The Fed has three basic functions: central banking, bank regulation, and calling down police brutality on Occupy Wall Street protesters. While the first function is getting all the attention today, the New York Fed's blog is spending some time on the second. Specifically, they're trying to figure out how bankers should get paid.
Optimal design of banker compensation is a thing that people like to think about, and that regulators like to regulate. We've talked about it before, and I've suggested that the right way to reward bankers is not to give them mostly equity or extra-levered equity, which encourages asymmetric risk-taking, but rather to give them exposure to their firm that roughly matches that of their main stakeholders. Which, for a bank, means basically various flavors of creditors. So a bank CEO whose net worth consists 20% of equity of his firm and 80% of unsecured debt of his firm, like Brian Moynihan, in theory has better incentives to do the right thing by bondholders, depositors and the financial system than someone who's 100% in out-of-the-money stock options. And a banker who is paid in structured credit products that can't be foisted on to clients has incentives ... well, he's an interesting case study at least.
I like the NY Fed researcher-bloggers because they're pretty sober people who want to optimize banking regulation but don't spend their time freaking out about stupid popular things like how CDS will kill us all, banning short selling, or just generally hating on bankers. So I'm pleased to see NY Fed researcher Hamid Mehran is with me on this whole comp thing:
Because stock- and options-based compensation is unlikely to curb the risk appetites of bank executives, Bolton, Mehran, and Shapiro in a 2010 New York Fed working paper proposed tying remuneration to a bank’s credit default swap spread. An institution’s CDS spread provides a market measure of the risk of a bank. Under our scheme, a high or increasing CDS spread would translate into a lower cash bonus, and vice versa. ...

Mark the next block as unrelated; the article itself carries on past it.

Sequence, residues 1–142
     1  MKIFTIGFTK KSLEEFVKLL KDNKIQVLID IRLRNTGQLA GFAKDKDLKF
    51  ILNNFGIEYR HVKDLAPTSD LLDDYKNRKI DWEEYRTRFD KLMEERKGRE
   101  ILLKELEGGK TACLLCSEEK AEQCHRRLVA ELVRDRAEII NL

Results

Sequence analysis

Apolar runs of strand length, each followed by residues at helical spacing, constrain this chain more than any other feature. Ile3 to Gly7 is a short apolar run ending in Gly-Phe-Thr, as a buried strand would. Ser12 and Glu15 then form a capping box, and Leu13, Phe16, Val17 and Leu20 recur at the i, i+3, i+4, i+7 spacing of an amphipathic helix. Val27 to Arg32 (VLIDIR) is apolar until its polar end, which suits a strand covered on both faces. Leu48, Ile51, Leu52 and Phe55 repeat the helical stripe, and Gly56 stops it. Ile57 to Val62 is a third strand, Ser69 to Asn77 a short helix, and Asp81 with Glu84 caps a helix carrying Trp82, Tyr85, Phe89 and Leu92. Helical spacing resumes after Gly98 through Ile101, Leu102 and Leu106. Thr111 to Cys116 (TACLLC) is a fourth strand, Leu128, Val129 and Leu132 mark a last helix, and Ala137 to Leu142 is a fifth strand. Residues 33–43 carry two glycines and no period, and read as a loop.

How would this scheme look in practice? CEOs could be required to write a given amount of CDS (or to buy swaps written by other insurers) for the duration of their employment contract. However, a more efficient policy might use money set aside by the bank at the start of the period. Deferred bonuses would then be reduced or increased under a pre-specified formula as the bank’s CDS spread deviated from the average bank spread: bonuses would be increased if the spread was below average and decreased if it was above average.
The paper itself is worth reading. Among other things, it suggests that their CDS-based comp scheme is better than just giving executives unsecured exposure to their banks by paying them in deferred cash comp, for reasons that I don't really understand. (They seem to assume that banks have to set aside deferred cash in a pot at the time of grant, which, I mean, the whole point is that it's unsecured, just promise to pay it later and if you don't have the money tant pis.)